If they run a business, they have to have their books audited, accountants have strict rules for doing accounts etc. Give the accountants more things to measure and the whole mess will sort itself out.

Also, they have to comply with any relevant laws to prevent them selling dangerous items etc. As long as everybody has to comply with the same safety accountancy the playing field will remain level.

A truly free market would be viciously piratical, as happened in the past before we started to control things a bit for the good of all.

If we still had a pirate economy we would still have food and spices adulterated with lead, slave markets, child prostitution and all manner of things that civilisation has clamped down on with legislation.

Many large businesses are already doing sustainability accounting - a recent huge announcement was Walmart - one of the biggest of the big - I recently was invited to a presentation on full(er) cost accounting (hey - it's a start!) by the Jersey Branch of ACCA (Association of Chartered Certified Accountants). I think they're keen to get something more interesting to do...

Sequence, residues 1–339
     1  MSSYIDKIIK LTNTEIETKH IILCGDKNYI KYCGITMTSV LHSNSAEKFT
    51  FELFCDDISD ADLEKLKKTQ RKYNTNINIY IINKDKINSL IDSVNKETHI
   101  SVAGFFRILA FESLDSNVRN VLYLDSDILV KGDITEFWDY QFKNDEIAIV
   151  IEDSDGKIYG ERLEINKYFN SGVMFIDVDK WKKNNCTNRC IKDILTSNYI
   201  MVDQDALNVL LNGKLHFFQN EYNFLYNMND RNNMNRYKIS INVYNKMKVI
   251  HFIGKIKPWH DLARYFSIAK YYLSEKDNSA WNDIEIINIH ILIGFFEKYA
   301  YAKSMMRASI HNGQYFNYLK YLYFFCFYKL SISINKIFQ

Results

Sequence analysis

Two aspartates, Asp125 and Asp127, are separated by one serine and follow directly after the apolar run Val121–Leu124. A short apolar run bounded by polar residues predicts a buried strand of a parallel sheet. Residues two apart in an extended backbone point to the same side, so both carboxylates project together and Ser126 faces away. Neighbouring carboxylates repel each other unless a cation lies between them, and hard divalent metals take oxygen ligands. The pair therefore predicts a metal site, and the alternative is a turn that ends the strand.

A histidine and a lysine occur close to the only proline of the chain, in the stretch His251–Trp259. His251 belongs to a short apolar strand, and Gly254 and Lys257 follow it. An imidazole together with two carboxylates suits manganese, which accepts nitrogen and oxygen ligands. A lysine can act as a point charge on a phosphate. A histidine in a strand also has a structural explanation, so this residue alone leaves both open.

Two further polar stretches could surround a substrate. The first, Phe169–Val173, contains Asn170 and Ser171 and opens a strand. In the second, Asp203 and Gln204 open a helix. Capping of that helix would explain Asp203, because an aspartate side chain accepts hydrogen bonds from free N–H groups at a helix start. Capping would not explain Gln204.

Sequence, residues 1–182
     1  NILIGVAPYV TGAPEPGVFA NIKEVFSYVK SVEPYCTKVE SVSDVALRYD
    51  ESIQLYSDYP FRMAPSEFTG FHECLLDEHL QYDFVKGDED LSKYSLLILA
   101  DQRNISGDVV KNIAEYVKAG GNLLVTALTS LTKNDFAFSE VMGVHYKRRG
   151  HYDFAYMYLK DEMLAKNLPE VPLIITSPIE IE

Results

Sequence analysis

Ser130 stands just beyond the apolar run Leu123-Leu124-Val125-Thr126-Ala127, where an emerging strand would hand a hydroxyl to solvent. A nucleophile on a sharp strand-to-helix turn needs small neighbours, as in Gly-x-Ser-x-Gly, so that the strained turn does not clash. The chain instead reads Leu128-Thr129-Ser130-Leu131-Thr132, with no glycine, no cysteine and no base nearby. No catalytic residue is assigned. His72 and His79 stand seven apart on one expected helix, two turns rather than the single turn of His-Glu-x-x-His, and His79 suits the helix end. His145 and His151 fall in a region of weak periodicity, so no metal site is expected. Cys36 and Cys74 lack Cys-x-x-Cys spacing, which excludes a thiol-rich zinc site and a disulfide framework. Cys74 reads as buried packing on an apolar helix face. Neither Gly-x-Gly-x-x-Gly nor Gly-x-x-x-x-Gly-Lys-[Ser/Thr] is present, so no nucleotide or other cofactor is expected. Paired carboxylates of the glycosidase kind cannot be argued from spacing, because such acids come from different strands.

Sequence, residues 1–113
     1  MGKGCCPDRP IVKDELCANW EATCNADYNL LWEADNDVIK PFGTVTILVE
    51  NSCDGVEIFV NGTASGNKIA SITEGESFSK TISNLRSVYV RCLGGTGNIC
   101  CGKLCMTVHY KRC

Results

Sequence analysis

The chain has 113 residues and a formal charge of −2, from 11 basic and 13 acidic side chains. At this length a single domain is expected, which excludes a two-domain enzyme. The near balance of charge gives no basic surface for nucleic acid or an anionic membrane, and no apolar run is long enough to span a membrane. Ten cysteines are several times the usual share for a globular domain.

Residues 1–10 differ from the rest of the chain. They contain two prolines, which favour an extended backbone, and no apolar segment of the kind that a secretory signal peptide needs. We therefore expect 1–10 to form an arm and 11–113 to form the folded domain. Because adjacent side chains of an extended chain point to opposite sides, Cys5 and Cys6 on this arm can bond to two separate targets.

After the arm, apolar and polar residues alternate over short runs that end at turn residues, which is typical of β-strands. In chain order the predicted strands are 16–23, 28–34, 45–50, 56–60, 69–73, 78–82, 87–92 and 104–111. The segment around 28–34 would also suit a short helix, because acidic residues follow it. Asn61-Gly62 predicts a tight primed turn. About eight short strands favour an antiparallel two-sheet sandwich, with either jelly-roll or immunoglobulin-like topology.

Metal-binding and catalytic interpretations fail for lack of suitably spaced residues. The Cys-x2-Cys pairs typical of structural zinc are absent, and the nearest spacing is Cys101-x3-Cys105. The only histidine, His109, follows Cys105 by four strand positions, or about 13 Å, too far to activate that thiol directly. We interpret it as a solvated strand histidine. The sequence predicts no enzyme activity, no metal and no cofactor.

If we get a global carbon cap and trade system going, as looks highly likely, then the basic ground work will have been done for full cost accounting to be used. I envisage cap and trade for waste generation too and the control of the durability, re-usability and ultimate recyclability of goods.

As far as your bus goes, it's possible that the biofuel is a bit of greenwash unless it is biodiesel from waste commercial cooking oil such as chip fat. This oil used to have to be disposed of, at a cost, now it is used for transport. If the bus is using bioethanol (unlikely) then that is definitely something that will have to change for the "food security" reasons you state.

I support your point about the inefficiency of large buses. Except on major routes, I think the answer to good public transport lies in a hi-tech version of the shared minibus concept dolmus (wkipedia link)

These offer a door to door service and high occupancy rates to counter their higher operating costs. With the almost universal availability of mobile phones with GPS the system would work very well - hell, it worked brilliantly in Istanbul when I first encountered it in 1975!